TIMES-RECORD May 24, 2020
Here comes NAVASA, a Delmarva-based Psytronica duo that is not afraid to speak to truth and say it like it is. On their newest album Redusted, they feature a track called “Omnipresent”, a song containing a lyric warning people that the world’s power elites have invaded everyone’s lives, that the 1% are maintaining strict control over a very narrow narrative, and how these destructive actions can pit people against each other. Considering they wrote “Omnipresent” back in early 2019, it seems like NAVASA uncannily predicted what the world would be going through in 2020 and beyond. A video for the track shows a robot-war thriller-mystery with drum blips, high bass and swirling synths leading the way in a glorious centrifuge of imagination. Hard to beat.
The rest of the pair’s Redusted album takes a journey through indie altrock, ambient soundscapes, pressing inner-vision lyrics, giant chunks of guitar fuzz and a blatant embrace of art with a sensibility that doesn’t deny the hooks. Tammy Sue Everett plays drums and sings while Gregory Thomas Biribauer plays guitar surrounded by electronic elements. “We attempt to make music that can let a listener travel without moving,” says Everett, “but we also like people to think for themselves”. Biribauer adds, “We are strong supporters of press and media that are striving to tell the truth and not just go along with a scripted fiction.”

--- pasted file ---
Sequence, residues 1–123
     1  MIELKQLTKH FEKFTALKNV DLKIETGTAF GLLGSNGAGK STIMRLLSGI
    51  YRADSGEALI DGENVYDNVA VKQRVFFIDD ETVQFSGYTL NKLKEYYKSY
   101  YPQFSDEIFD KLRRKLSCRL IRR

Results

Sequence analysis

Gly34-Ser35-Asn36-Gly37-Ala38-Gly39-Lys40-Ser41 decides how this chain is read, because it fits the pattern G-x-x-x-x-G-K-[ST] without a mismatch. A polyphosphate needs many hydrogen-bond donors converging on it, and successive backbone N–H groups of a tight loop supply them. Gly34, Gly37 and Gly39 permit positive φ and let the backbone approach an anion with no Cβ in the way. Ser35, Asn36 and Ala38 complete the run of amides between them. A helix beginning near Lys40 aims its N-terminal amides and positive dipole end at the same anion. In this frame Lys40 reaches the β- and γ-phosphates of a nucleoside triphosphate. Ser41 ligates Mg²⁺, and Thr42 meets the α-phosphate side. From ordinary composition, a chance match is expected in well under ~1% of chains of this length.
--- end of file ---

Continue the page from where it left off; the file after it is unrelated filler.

NAVASA calls Sharptown, MD home, (pop. 651), and could not be happier about it. “Most successful bands are based out of big cities like New York, Los Angeles and London, but we feel lucky to not be stuck in a giant megalopolis, especially now that most of them have been torn apart by violent protests,” explains Everett. “The wide-open spaces are an inspiration, keeping our minds clear to come up with the best music we possibly can,” says Biribauer.
They’ve worked in the past with such notables as Queens of the Stone Age, Nine Inch Nails and Julian Lennon, all the while developing their own unique musical sound. Influences such as Massive Attack, Battles, Stereolab and Ladytron guide their productivity, but do not control it. “We love a lot of music,” mentions Biribauer, “but our favorite artists are the ones that broke the mold and developed their own thing.” Everett chimes in, “The tricky thing for us is the balance between our artistic vision and a strong message. It’s a harder road to travel, but ultimately satisfying.”
“We got the name NAVASA from Navassa Island, just off the coast of Haiti. The concept of a deserted island resonated with us since Sharptown seems so isolated from the rest of the world,” says Biribauer. “We also gravitated towards the notion of, ‘What kind of music would be on my Desert Island Disk?’,” says Everett, “so that’s how we defined our writing… to be eclectic, moody, poignant, to go from one extreme to the other and to not be bound by any preconceived notions.”
Despite not being on a major record label, the pair’s resumé, quality of production and strong musicianship have them growing a loyal organic following. “Our numbers aren’t huge, but they’re real. We don’t buy views or likes or anything like that. Other bands dole out a lot of money for that stuff, only to have it implode because it doesn’t reflect reality,” says Biribauer. “Our growth is slow but steady. That’s all we can ask for since we don’t have a major label pushing us. The cool thing is that our message doesn’t get diluted by a bunch of numbers-crunching executives,” adds Everett.
The Sharptown Fireman’s Carnival in lower Maryland may be canceled this year due to Covid-19, but there seems to be a strong voice from within the small town that is now being heard around the world.